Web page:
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Successful Predator
In recent years, unmanned planes have proven themselves in war. For example, the Predator, a medium-altitude surveillance plane made by General Atomics, debuted in Bosnia and then served in Afghanistan and Iraq. The Global Hawk, made by Northrop Grumman, has been flying high-altitude reconnaissance missions for years. Meanwhile, Northrop has built and flown another unmanned prototype, called Pegasus, and shown that it could land on an aircraft carrier. But the Pentagon’s massive push for robotic attack planes began in earnest in 2003. That’s when the Pentagon set up the Northrop–Boeing competition and established a seven-year timetable to develop versions suitable for the air force and navy.

Boeing’s version is called X-45; a scaled-down prototype is what dropped the inert bomb last year, and a full-size model is under construction. Northrop’s version is called X-47; it builds on the Pegasus, and the next generation model is still under development. The X-45 is geared more to high-speed air force attacks, and the X-47 to naval reconnaissance and carrier landings. In both cases, the largest prototypes* are supposed to take their first test flights within two years. (Amid the current budgetary uncertainty, DARPA declined to make its researchers available for comment. Comments from DARPA officials in this story come from agency transcripts of presentations the officials made last year.)

It’s not yet clear how many of which version the Pentagon might eventually want to buy. In that important way, this effort differs from the intense, winner-take-all competition to build the F-35 Joint Strike Fighter, widely seen as the last manned fighter jet. Boeing lost the F-35 competition to Lockheed Martin in 2001. “It caused [Boeing] to skip a whole generation of fighter aircraft, after being the foremost fighter aircraft supplier,” says Paul Nisbet, an aerospace industry watcher at JSA Research in Newport, RI.

Boeing’s initial pair of scaled-down X-45s have already proved themselves in several initial demonstrations. In 2003, Boe­ing passed one milestone, showing how the plane’s ground controllers could coordinate flight plans with conventional air-traffic controllers and modify the X-45’s flight plan as needed. Then, in 2004, Boeing’s X-45s demonstrated a few more tricks – deploying inert bombs and, critically, demonstrating that its ground controllers could hand off the wireless yoke to another station nearly 1,400 kilometers away while the plane was in the air. Finally, Boeing showed that a single ground controller could control two X-45s.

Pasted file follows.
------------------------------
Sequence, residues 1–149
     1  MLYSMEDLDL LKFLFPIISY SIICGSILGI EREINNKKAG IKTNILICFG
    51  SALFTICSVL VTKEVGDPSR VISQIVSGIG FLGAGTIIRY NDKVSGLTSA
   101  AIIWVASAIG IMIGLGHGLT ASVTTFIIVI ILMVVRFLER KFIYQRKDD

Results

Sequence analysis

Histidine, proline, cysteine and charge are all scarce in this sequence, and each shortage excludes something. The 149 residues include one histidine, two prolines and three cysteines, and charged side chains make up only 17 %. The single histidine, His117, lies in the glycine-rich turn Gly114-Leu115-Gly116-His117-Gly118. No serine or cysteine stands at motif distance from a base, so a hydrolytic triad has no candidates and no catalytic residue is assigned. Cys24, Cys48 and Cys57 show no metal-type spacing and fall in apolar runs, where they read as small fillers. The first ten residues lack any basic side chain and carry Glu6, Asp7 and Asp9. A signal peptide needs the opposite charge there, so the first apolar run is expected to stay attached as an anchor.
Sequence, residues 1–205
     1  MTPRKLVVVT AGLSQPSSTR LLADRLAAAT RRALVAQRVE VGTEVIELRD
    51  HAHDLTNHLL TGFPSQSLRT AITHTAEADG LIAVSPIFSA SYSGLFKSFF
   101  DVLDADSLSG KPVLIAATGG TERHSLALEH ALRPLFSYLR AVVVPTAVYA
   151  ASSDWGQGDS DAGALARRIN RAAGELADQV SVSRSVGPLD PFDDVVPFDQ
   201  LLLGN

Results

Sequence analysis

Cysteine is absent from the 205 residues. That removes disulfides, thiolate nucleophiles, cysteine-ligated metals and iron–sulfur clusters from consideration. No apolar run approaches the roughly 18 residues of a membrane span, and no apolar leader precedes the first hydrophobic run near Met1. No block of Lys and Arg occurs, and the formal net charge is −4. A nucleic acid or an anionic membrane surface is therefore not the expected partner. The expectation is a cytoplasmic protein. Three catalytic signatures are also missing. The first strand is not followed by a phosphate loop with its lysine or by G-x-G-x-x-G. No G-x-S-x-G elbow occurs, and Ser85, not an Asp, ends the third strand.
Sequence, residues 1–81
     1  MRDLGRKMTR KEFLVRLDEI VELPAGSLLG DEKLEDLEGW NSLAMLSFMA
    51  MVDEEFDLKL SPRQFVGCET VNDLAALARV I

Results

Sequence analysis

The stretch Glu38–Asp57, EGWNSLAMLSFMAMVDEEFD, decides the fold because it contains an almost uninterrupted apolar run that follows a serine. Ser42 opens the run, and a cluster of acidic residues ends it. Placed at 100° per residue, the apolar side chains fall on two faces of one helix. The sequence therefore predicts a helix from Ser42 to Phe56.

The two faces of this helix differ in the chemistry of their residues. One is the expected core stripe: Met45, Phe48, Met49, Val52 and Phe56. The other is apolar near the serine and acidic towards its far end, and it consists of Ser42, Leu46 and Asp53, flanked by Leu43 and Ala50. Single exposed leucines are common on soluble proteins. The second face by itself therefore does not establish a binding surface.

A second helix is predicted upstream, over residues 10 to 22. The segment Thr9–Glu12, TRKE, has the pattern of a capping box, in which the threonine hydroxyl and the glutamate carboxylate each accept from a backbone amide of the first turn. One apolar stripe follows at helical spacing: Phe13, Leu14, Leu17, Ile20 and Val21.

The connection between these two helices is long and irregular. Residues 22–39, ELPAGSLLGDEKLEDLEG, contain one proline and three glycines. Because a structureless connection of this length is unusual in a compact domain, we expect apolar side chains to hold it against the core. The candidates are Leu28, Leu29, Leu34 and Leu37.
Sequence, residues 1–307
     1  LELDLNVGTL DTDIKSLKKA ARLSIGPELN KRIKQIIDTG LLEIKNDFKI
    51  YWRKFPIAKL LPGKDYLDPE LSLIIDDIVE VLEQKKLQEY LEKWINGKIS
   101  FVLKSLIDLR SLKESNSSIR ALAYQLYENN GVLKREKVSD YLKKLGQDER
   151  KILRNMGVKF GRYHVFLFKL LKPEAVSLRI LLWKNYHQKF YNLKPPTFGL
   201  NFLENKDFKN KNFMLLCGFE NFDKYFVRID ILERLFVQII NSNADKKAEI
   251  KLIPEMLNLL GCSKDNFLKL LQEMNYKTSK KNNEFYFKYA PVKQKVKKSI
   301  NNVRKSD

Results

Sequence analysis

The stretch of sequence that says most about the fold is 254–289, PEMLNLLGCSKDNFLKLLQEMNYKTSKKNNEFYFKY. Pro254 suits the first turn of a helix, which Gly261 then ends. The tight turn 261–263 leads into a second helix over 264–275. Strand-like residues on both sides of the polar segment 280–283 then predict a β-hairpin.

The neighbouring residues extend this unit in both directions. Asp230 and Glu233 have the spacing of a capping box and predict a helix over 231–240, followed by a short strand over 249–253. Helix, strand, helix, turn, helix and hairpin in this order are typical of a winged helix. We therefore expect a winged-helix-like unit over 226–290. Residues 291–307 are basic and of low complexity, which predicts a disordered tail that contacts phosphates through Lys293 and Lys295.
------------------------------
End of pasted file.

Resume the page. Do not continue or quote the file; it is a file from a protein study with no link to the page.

And Boeing has another – perhaps more important – ace in the hole. The Pentagon already considers Boeing its “lead systems integrator” for a development project called Future Combat Systems. This mega­project is supposed to yield 18 kinds of sensor-riddled combat vehicles and the ad­vanced communications technologies to link soldiers with vehicles, planes, robots, and each other.

This program is also likely to get scaled back as part of a new round of Pentagon cuts; the new emphasis will be on adding technology to existing vehicles. Still, “both of these programs are talking about putting robots on the battlefield,” says Pike. “Boeing has looked at it and basically said, It’s the future. They are the lead company for robots on the ground battlefield, and they’ve staked out a pretty tall position for aerial robots.” But Boeing and Northrop recognize that the current program isn’t about who can build the best plane. “Before, we were looking at building the best platform,” says William Body, a Boeing manager for business development at the company’s R&D outpost, Phantom Works, based in Saint Louis, MO. “Now we are looking at creating the system-of-systems. We’ll have unmanned planes, we’ll have core technologies. But the endgame here is a network-centric endgame.”

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